Can a familiar serve as a lab assistant to any Magi, or just its own?
If they can help anyone this could be a good way for trusted allies to help each other out without suffering the social stigma of being a lab assistant.
Can a familiar serve as a lab assistant to any Magi, or just its own?
I think only you : the familiar virtue is in your lab, and the bonuses are given from your cord.
Besides, since familiar are an exception to the gift requirement, it could be because they have that special bond... but only with you.
They couldnt help as a familiar, but wether they could help as a regular assistant... Good question...
My guess would be yes.
I believe only the Safety bonus comes from a cord.
I can see ruling this way or the other way. However, if you're going to rule this way this rule is insufficient. You also need to determine if they can work with you as a lab assistant, meaning if you're an assistant can they be, too?
I would say yes, with the understanding that it would be rare, for your familiar is not your minion, he is your friend. Second, it should give the same hit to "status" that you would get for working under another mage. Last, better Really trust the other mage........
Would you work for a season for another magus' familiar?
(And the Familiar... but that's a diff discussion.) 8)
A Familiar can help their wizard in the Lab because of the special bond between them, but an "assistant" must (usually*) be Gifted - is a Familiar "Gifted"? There's really no evidence to support such a claim...
(* There are endless exceptions besides a Familiar - humonculous, demons, etc. But in each of those cases, it's a personal, individually forged relationship, not an open-ended one.)
But it's hardly a gamebreaker if a SG wants to rule that it's legit - it's a very isolated ruling, and has no impact of fallout on any other rule (unlike so many other magic-system tweaks we could name...)
The Familiar would almost certainly have to be able to somehow communicate effectively w/ that other mage, and probably have to have some MuAn effect to have "hands" (or something close?) in order to be as useful as a human assistant. (Not mandatory normally because... um... just because. Leave me alone, I'm busy in the lab.)
As was pointed out above, this is incorrect.
Hm, it seems to me that the regular rule is that the assistant must be Gifted and have a Magic Theory score (p. 103, ArM 5 Main book) and that familiars and "familiar-like" assistants are the exception due to the forging of a bond that extends one's Gift for the purpose of assistantship. Otherwise why wouldn't magi just train up a bright mundane as a lab assistant? Forget that apprentice, he takes up valuable time, what with the Code requiring a season of training every year!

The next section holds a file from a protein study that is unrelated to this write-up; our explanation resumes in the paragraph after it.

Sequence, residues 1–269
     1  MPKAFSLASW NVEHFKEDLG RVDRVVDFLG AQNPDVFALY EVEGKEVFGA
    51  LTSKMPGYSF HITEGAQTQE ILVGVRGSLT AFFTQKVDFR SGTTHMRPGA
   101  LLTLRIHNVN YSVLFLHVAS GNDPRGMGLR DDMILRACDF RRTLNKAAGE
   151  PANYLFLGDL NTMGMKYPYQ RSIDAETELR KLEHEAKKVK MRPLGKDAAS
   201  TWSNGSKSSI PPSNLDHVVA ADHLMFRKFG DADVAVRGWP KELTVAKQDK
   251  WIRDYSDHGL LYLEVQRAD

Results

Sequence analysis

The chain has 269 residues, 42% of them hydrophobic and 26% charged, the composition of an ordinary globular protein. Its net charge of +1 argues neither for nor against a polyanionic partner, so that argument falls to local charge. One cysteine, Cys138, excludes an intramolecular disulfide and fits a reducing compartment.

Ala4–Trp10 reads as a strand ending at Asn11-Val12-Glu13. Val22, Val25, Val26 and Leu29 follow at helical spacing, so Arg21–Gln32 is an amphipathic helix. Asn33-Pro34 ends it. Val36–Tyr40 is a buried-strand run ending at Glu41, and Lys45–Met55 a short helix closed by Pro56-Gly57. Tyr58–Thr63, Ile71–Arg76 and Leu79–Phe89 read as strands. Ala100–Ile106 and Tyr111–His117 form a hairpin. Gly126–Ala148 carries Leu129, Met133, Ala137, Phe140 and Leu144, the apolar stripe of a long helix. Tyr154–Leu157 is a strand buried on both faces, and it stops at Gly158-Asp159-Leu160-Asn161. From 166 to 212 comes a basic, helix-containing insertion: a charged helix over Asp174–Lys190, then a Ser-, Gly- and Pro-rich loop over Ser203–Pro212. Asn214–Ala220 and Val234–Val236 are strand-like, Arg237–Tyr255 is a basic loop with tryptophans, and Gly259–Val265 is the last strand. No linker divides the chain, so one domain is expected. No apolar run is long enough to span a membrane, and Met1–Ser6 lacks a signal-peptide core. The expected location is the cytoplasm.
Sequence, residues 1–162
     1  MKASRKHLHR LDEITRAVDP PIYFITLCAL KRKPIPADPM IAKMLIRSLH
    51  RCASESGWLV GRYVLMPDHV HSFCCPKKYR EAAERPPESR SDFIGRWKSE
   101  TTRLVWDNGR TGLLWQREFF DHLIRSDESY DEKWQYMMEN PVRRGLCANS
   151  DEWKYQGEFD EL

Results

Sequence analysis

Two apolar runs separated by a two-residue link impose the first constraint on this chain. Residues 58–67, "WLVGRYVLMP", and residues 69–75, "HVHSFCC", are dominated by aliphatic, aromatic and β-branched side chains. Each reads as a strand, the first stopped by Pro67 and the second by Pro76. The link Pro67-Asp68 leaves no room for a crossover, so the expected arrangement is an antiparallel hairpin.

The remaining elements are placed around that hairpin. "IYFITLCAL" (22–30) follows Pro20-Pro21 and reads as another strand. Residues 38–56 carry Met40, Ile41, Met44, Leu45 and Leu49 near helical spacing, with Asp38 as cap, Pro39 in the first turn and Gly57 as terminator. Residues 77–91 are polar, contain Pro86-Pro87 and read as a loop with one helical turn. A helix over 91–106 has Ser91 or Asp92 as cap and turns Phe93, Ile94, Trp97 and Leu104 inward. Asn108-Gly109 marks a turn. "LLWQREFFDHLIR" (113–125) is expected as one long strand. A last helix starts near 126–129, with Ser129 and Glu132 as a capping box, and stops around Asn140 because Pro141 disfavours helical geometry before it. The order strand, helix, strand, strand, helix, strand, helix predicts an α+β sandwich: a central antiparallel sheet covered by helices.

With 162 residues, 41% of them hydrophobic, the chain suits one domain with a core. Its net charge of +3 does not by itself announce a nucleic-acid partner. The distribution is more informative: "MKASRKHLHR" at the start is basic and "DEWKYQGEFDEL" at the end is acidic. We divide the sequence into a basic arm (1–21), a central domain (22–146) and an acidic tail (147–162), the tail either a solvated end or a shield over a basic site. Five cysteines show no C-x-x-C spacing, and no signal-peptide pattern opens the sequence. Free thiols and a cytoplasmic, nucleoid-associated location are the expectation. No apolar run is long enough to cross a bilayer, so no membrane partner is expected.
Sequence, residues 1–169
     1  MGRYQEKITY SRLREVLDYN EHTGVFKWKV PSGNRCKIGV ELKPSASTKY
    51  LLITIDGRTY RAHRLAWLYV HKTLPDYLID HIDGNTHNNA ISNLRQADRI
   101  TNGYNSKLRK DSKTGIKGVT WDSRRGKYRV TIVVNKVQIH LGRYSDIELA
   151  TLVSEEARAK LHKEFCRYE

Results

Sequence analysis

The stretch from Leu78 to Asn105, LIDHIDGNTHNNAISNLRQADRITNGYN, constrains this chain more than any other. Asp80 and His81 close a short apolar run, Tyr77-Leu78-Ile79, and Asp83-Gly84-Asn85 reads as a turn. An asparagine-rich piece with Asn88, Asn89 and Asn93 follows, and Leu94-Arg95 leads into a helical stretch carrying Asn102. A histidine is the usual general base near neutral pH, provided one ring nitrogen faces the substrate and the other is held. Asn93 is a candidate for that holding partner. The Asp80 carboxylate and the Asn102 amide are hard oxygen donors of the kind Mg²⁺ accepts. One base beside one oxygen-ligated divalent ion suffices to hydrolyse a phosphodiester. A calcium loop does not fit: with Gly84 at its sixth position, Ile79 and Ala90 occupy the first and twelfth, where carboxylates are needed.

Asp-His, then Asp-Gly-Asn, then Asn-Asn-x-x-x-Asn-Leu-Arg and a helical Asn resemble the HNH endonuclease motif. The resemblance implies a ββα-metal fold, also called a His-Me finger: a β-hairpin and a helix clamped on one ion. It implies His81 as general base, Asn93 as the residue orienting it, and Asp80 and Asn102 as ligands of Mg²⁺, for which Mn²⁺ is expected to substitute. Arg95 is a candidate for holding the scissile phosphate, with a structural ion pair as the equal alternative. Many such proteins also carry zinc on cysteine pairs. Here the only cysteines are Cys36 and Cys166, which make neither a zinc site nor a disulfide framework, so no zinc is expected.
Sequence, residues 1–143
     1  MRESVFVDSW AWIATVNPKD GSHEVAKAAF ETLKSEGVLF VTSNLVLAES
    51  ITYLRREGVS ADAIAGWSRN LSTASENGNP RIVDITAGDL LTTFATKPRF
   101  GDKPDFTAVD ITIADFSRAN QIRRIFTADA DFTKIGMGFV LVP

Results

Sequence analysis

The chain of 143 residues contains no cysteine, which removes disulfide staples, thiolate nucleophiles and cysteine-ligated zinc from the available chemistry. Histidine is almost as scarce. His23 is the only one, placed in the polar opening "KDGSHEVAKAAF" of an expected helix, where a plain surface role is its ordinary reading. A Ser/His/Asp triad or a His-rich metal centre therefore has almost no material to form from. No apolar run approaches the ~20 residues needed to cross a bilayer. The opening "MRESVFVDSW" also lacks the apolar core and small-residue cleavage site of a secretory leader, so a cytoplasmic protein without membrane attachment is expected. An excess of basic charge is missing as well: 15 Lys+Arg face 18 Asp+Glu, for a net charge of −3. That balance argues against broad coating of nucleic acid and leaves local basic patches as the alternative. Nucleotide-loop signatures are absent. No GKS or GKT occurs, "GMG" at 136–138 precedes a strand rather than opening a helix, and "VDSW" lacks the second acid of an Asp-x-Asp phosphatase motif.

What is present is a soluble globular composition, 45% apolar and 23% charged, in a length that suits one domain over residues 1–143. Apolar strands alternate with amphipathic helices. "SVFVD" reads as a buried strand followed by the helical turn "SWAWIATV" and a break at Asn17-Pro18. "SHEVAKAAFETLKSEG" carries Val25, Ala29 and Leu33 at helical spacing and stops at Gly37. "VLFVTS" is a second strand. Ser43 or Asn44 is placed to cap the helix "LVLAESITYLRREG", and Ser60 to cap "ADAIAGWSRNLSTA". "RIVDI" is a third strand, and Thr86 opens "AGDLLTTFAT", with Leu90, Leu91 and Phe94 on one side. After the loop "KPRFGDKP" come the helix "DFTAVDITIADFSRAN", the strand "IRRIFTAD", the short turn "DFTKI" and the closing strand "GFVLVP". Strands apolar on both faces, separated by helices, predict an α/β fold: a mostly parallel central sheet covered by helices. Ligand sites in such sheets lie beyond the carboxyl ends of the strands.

I pointed out the common error in the parallel thread. Page 103 does not say that. Page 103 says the converse, and conditional statements do not imply their converses. If you have Magic Theory and The Gift, then you can be an assistant. The converse, that if you are an assistant then you must be Gifted and have Magic Theory, is not implied. So Familiars are not an exception. Rather, there is a list of those who can assist, the most common two being those with the Gift plus Magic Theory (need not be trained in Hermetic Magic) and Familiars. But, as seen with Failed Apprentice, those two do not form an exhaustive list. HoH:MC adds another to the list.
Now, while there is no exclusionary case given, most of us probably wouldn't let just anyone be an assistant. Most of us would only accept someone from the allowed list. That is pretty standard in rules interpretations, that when you are given a list of allowed things you don't just start accepting anything not on the list, especially when nothing is specifically disallowed. So that an assistant need not be Gifted does not imply just anyone can be an assistant.
So, no, assistants need not be Gifted, and that does not cause some big problem with magi training mundanes.
The rules are fairly brief on this, and provide an override to the 'must have the Gift' requirement for lab assistance:
This sits in a paragraph talking about general 'benfits for being a familiar' rather than anything explicitly releating to the Bond. It's alongside things like being able to understand langauges and having an Intelligence score.
My personal interpretation of this, given the context, would be that the familiar can serve as a laboratory assistant much like any Gifted person could. This to me means any magus.
I would require the leading researcher to have sufficient leadership for all his lab helpers, though. The familiar 'freebie' only applies if you have one other assistant, so means you don't need leadership to manage both your apprentice and your familiar. I'd also argue that the freebie option only applies to your familiar, since that's what the rules say.
So to lead a lab effort consisting of you, your familiar, your apprentice, your amici, their familiar and their apprentice you'd need a leadership score of 5. I'd interpret the rules on familiar 'freebie' to only apply for one additional assistant.